Who are the real candidates now? San Diego Padres utility man Fernando Tatis, Jr. (6.6), Los Angeles Dodgers second baseman Trea Turner (6.5), St. Louis Cardinals left fielder Tyler O’Neill (6.3), Cardinals 1B Paul Goldschmidt (6.1), and Atlanta Braves UTL Austin Riley (6.1). The Pads finished under .500 while the Dodgers secured the top wild-card spot comfortably. The Cards cancel each other out, as well.
That leaves this as Turner against Riley, and they both have positive gloves. L.A. had a 23-game cushion for the postseason, though, while Atlanta merely had a 5.5-game cushion—which tells us all we need to know here about value. His stat line (33 HRs, 107 RBI, .303 BA, .898 OPS, and 1.5 dWAR) demonstrate the same kind of game that Semien brought to his team, and it means Riley truly earned this nod.
2021 AL Cy Young: Robbie Ray (original, contemporary); Gerrit Cole (revised)
This is a simpler analysis than the two above, as we have just 3 real prospects here: Toronto journeyman Robbie Ray (6.6 WAR), New York Yankees veteran Gerrit Cole (5.7), and Chicago White Sox innings-eater Lance Lynn (5.3). The voters chose Ray, and we did, too, back in November. With the ChiSox winning the AL Central by 13 games, this comes down to Ray and Cole—and it gets interesting.
The Yankees edged the Blue Jays by 1 game for the final postseason slot. This generally means that we’d give our nod to Cole. When we did this assessment before, Ray had a bigger edge in WAR, and we pointed to his extra innings. Toronto didn’t lose the postseason chase because of Ray, but with the revision in WAR months later, we have to be consistent: The Yankees only make it because of Cole.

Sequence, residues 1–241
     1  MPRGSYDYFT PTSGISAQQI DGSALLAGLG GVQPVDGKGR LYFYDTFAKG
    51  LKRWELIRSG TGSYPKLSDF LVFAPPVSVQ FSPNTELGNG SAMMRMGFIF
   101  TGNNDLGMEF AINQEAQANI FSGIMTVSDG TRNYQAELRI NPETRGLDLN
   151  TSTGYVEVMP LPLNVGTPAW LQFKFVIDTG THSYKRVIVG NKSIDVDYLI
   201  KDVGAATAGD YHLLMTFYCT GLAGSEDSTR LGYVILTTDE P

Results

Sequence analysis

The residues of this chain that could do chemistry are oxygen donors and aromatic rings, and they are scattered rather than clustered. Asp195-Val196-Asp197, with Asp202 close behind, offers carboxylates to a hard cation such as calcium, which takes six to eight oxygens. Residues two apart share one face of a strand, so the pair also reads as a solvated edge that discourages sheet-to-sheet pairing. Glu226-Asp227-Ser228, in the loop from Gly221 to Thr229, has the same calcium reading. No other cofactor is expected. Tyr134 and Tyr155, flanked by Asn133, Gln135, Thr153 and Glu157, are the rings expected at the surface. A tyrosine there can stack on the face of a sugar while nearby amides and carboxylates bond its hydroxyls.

This is the second time we’ve given Cole our AL Cy nod, as we also did in 2019. His pitching prowess this time around—16-8, 3.23 ERA, 243 Ks, and a 1.059 WHIP in only 181 1/3 IP—isn’t as stunning as it was when he was with Houston, but again, it’s about value, and he gets this award from us by a slim margin over Ray, who probably had the “better” season.
2021 NL Cy Young: Corbin Burnes (original); Zack Wheeler (contemporary); Walker Buehler (revised)
This is another nuts analysis: We have 7 topical contenders, and we have to narrow down the list with our usual postseason-contender screening. That leaves us with these finalists: Dodgers star Walker Buehler (6.6 WAR), L.A. trade acquisition Max Scherzer (5.9), Milwaukee Brewers grinder Brandon Woodruff (5.6), and Brewers phenom Corbin Burnes (5.6). Two sets of teammates!